Assistant Scoutmaster


Position Description
An assistant Scoutmaster is an adult leader over the age of 18 who helps the Scoutmaster deliver the promise of Scouting. Each Assistant Scoutmaster is assigned specific program duties by the Scoutmaster

Responsibilities
- Assist the Scoutmaster as directed
- Works with other responsible adults to bring Scouting to youth.
- Uses the methods of Scouting to achieve the aims of Scouting.
- Can be male or female, but must be at least 18 years of age.
- Is appointed by the Scoutmaster and approved by the Troop Committee Chair.
- Abide by the Scout Oath or Promise and the Scout Law.
- Subscribe to the precepts of the Declaration of Religious Principle
- All volunteers are expected to complete Youth Protection training. It is available online on the Web site http://olc.scouting.org. As a volunteer, you are expected to complete the training within 90 days of assuming a leadership position.




Current Assistant Scoutmasters



Scott Willoughby


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Contact:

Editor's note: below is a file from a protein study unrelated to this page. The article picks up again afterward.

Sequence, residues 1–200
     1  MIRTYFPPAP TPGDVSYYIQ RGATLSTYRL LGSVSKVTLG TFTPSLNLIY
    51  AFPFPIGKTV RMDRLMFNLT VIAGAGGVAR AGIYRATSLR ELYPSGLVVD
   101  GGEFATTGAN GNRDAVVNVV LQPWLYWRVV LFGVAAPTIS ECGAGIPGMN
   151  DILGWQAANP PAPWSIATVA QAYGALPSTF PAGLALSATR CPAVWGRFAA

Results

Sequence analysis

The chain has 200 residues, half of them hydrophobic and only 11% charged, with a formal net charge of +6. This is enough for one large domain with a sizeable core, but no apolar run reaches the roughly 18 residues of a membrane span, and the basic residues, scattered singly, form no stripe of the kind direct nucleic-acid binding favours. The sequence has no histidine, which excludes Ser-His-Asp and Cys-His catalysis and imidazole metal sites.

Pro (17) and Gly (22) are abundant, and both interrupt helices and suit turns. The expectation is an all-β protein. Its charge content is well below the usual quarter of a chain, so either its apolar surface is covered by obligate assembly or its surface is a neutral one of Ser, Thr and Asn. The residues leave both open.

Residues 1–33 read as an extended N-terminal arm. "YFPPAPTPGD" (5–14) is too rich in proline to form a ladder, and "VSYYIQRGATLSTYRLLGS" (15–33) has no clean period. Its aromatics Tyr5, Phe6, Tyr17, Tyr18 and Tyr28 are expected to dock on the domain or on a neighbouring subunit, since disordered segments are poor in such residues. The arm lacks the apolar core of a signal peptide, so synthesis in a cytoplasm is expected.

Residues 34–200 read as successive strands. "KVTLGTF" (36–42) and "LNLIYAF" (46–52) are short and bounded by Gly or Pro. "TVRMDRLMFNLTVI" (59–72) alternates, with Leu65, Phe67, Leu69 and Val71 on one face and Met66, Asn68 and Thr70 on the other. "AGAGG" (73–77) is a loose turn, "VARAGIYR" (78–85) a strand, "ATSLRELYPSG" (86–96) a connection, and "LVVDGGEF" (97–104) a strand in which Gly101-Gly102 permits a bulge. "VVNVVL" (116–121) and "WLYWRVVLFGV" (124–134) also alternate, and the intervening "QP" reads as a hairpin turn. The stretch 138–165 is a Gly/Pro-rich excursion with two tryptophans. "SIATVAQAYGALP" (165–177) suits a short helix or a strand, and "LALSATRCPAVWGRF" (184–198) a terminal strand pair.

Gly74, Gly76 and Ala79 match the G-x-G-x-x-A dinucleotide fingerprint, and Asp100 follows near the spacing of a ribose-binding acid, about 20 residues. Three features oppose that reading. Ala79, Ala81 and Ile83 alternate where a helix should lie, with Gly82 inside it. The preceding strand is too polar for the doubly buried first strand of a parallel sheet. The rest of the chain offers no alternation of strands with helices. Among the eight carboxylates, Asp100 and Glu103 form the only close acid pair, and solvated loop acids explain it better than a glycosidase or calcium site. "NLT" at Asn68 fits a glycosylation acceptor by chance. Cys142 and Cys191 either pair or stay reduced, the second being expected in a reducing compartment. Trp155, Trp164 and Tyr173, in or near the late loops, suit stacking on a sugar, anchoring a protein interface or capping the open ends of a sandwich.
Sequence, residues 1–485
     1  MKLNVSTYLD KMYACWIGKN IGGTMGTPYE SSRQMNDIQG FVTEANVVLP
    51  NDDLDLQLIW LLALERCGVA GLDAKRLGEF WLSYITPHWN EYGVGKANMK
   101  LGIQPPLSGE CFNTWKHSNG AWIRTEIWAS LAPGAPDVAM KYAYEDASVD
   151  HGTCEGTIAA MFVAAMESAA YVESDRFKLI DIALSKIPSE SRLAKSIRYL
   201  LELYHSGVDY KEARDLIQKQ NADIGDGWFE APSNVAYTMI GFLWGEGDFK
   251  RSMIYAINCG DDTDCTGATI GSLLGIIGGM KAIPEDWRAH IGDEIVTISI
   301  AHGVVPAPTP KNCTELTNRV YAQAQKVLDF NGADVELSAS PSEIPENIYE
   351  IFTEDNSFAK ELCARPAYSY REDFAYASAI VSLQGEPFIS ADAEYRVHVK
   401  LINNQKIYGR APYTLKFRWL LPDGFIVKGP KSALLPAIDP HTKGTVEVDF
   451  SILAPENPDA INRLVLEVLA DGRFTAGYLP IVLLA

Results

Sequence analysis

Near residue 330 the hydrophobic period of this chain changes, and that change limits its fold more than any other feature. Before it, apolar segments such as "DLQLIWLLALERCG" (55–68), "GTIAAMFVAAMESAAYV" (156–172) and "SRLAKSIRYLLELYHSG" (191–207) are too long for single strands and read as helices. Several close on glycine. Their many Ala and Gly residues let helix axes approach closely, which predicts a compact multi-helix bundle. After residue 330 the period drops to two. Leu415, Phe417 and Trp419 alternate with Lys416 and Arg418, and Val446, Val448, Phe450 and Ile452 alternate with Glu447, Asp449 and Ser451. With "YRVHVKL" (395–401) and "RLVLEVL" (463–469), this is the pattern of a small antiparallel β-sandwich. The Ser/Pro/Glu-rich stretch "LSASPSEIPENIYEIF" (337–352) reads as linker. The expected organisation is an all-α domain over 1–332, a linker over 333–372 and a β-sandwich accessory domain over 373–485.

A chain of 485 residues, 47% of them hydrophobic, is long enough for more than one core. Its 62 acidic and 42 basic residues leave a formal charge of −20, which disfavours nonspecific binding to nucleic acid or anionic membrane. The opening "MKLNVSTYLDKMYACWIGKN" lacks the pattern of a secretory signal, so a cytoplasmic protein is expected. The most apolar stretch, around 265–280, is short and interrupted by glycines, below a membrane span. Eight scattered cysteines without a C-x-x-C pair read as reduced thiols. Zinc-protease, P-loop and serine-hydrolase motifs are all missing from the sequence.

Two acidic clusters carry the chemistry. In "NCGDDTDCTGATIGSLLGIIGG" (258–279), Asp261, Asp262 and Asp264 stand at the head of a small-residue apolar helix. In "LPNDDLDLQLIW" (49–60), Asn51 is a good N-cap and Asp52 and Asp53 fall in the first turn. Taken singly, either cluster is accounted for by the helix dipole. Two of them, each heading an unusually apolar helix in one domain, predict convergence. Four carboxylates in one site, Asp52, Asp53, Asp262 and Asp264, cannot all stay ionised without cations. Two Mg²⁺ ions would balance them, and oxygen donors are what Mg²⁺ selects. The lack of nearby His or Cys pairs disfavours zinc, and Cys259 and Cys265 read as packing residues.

Email: n/a
Phone: n/a

Bio
My name is Scott Willoughby. I have been involved, on and off, with the scouting movement since the age of eight. During that time I have achieved the rank of Eagle Scout, been an Assistant Scoutmaster, Troop Committee member, Cubmaster, Unit Commissioner, served on the District Committee and Thunderbird Club Roundtable and served on numerous camp staff positions at the H Roe Bartle Scout Reservation. In 2003, I was awarded the Silver Beaver, the highest honor that is given by a Boy Scout Council for service to youth. As Assistant Scoutmaster, it is my goal to do just that, assist. I wish to assist the youth and adults of this troop to leran more about themselves, to stretch and grow mentally and physically. After a lifetime of leadership and fellowship in various professional and community roles, some of the seemingly off hand ideas and skills I have learned, like tying knots, lighting firers, singing silly songs and telling shaggy dog stories have benefited those around me in a lighthearted way. “Where do you learn that?” “Boy Scouts” was my answer in the past. Now, and in the future, I want to be able to say “Scouts BSA”.